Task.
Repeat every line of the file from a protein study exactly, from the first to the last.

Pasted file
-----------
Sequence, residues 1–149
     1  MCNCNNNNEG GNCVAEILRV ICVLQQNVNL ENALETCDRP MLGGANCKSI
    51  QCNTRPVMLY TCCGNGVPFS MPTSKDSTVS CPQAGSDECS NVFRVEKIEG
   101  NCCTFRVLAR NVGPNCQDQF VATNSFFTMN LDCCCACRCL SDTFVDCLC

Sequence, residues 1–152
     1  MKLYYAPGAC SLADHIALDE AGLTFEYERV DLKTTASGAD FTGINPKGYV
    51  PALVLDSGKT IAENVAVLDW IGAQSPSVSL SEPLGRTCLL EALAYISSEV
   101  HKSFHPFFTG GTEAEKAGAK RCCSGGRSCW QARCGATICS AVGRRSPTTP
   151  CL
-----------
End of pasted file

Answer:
Sequence, residues 1–149
     1  MCNCNNNNEG GNCVAEILRV ICVLQQNVNL ENALETCDRP MLGGANCKSI
    51  QCNTRPVMLY TCCGNGVPFS MPTSKDSTVS CPQAGSDECS NVFRVEKIEG
   101  NCCTFRVLAR NVGPNCQDQF VATNSFFTMN LDCCCACRCL SDTFVDCLC

Sequence, residues 1–152
     1  MKLYYAPGAC SLADHIALDE AGLTFEYERV DLKTTASGAD FTGINPKGYV
    51  PALVLDSGKT IAENVAVLDW IGAQSPSVSL SEPLGRTCLL EALAYISSEV
   101  HKSFHPFFTG GTEAEKAGAK RCCSGGRSCW QARCGATICS AVGRRSPTTP
   151  CL